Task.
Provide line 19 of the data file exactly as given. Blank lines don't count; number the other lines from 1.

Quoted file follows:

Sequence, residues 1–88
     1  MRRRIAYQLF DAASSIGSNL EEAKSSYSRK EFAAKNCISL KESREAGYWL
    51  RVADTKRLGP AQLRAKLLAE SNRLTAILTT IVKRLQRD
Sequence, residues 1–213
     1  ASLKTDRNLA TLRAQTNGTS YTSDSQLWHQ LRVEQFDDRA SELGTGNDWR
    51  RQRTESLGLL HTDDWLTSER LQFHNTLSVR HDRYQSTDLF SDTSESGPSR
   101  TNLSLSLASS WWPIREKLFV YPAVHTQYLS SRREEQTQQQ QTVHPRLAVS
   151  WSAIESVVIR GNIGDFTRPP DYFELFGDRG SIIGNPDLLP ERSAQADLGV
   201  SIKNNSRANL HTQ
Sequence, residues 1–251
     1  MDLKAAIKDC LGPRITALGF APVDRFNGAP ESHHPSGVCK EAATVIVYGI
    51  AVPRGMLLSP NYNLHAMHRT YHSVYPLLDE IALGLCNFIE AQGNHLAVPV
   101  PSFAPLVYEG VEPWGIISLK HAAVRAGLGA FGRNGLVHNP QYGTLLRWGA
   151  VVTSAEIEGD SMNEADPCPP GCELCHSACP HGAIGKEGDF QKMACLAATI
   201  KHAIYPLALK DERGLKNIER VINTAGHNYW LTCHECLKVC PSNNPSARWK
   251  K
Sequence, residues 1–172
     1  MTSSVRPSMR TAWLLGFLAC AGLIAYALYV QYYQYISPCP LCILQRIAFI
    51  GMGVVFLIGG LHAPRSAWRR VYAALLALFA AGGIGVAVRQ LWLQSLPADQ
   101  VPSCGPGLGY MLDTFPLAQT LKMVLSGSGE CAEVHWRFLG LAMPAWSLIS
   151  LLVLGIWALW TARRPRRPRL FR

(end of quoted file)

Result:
    51  GMGVVFLIGG LHAPRSAWRR VYAALLALFA AGGIGVAVRQ LWLQSLPADQ